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Statement on the arrest of Zimbabwean clergyman Pastor Immanuel
in Zimbabwe Coalition
for arrested Zimbabwean clergyman Pastor Immanuel Hlabangana will
today launch an urgent appeal to the High Court for his immediate
had been arrested by police on the night of Friday 26/1/2007 in
Edenvale following an incident in which he and his friend Duduzile
Ndlovu were stopped and searched by police. When police arrested
Ndlovu because she said she did not have her passport on her, Hlabangana
followed to the police station where he questioned the reasons for
her arrest. He was told that he "thought he was too clever"
and he himself was promptly thrown into police cells
spent two nights
was released on bail on Sunday 28 January.
ordeal at the hands of the South African justice system took on
nightmarish proportions on Monday, 29 January when Magistrate Agenberg
of the Edenvale Magistrate’s court suggested to the prosecutor that
in addition to the charge of "interfering with police duties",
Hlabangana should also be charged with "aiding and abetting
a criminal". Arguing that this was a serious charge, the magistrate
revoked the bail that had been granted on Sunday 28th
January by the inspector on duty on that day. Magistrate Agenberg
argued that the police did not have jurisdiction to grant after
hours bail and he sent Hlabangana back into custody.
Hlabangana’s second appearance in court on Tuesday, 30 January,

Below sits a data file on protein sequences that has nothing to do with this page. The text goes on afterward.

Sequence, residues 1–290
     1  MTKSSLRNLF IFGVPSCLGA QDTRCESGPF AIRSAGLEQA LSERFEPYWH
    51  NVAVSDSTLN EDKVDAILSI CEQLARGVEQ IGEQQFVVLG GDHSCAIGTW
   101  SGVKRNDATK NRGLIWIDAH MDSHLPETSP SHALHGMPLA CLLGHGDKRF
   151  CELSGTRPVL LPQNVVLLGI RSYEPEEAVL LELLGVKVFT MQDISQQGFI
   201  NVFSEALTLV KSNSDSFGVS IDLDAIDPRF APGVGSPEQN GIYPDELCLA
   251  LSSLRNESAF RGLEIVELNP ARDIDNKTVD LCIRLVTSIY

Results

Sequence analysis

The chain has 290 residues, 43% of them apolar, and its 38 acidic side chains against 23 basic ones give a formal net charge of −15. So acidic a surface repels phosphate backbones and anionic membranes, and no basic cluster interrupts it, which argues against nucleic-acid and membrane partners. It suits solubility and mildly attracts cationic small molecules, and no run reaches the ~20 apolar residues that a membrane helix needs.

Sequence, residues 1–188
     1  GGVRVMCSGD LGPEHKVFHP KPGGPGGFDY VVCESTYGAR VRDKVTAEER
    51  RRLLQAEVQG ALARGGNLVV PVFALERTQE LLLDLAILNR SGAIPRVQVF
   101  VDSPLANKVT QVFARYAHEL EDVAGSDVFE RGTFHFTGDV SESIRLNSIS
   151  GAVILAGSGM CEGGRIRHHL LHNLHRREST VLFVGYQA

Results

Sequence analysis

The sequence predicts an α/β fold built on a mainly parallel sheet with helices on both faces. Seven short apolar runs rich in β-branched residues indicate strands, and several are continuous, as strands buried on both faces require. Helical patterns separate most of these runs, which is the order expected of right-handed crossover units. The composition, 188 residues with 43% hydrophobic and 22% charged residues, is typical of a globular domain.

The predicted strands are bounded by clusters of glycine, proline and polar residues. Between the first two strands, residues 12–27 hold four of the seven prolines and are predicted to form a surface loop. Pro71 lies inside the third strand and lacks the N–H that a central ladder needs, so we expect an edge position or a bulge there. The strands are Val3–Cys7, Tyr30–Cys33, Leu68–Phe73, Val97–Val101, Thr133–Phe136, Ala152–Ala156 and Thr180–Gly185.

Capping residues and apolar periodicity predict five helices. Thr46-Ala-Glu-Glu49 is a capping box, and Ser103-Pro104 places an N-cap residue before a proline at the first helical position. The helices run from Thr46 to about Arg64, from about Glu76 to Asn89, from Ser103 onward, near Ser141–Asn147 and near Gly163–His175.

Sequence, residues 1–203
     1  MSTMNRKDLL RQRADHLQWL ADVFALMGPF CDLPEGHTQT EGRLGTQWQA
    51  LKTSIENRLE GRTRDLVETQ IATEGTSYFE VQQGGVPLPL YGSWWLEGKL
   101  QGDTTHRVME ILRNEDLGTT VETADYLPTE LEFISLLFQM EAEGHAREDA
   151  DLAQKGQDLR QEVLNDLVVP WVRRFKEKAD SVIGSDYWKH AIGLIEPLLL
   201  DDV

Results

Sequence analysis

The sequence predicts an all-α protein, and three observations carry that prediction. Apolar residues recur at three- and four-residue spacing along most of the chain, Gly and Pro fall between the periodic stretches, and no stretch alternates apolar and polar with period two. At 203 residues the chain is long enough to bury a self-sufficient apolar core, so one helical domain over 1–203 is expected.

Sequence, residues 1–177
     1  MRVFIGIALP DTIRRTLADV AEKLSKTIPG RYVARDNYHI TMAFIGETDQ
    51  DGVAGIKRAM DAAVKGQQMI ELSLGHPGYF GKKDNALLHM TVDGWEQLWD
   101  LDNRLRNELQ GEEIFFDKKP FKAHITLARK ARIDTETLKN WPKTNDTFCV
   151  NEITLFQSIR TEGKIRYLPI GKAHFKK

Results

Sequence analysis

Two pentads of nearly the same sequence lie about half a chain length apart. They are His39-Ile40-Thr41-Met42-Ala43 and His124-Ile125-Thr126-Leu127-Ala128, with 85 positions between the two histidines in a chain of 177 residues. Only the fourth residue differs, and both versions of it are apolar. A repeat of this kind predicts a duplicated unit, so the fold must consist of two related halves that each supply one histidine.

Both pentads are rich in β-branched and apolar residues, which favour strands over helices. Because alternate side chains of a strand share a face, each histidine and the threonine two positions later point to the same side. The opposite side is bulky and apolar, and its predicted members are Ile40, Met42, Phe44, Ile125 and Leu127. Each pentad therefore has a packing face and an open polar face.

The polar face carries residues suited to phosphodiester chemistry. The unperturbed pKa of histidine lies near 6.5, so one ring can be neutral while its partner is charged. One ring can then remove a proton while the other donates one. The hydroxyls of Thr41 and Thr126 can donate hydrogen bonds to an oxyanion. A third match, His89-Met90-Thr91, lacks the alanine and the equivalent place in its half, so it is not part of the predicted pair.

the same magistrate insisted on verification of Hlabangana’s personal
particulars. Magistrate Agenberg was then provided with verification
from the Department of Home Affairs that Hlabangana’s passport and
visa were genuine as well as an affidavit from Hlabangana’s sister
that he was living in her house during his stay in South Africa.
Magistrate Agenberg then ruled that Hlabangana should remain in
custody until 5 February while police verified his physical address.
lawyer, Thabang Machacha, requested the magistrate to recuse himself
on the grounds that he had showed a high degree of bias against
the accused by revoking bail, improperly entertaining charges that
were not in the charge sheet and insisting that the state verify
the personal particulars of the accused when the state is not opposed
to bail being fixed. "In a nutshell the state is happy
with our client personal particulars as were the police when
they released him on bail that Sunday. The magistrate however is
not convinced that the senior public prosecutor and the SAPS have
done their work properly" Machacha commented.
Crisis in Zimbabwe Coalition, the organisation that had engaged
Hlabangana as a short-term consultant, has described the arrest
as ‘bizarre’: "In the context of high crime and overcrowded
prisons, it is a tragedy that an innocent person should be kept
in custody at the expense of the state for five whole days simply
to give police time to verify a physical address, something that
can be done within half a day."
the High Court application is successful, Hlabangana is likely to
be released today. If not, he will spend another weekend in a South
African prison cell among scores of awaiting trial prisoners in
hopelessly overcrowded conditions.
for Human Rights in South Africa has condemned the arrest of Pastor
Hlabangana. In a statement released on 28 January, the organisation
called on the South African Police Service to "respect the
rights of foreign nationals including refugees and asylum seekers
in South Africa. Further, we call on the Department of Home Affairs
to give proper direction and assistance to police when dealing with
foreign nationals. Lastly we urge the senior management of SAPS
to investigate and ensure that those officers abusing their authority
face disciplinary action."
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in Zimbabwe Coalition fact
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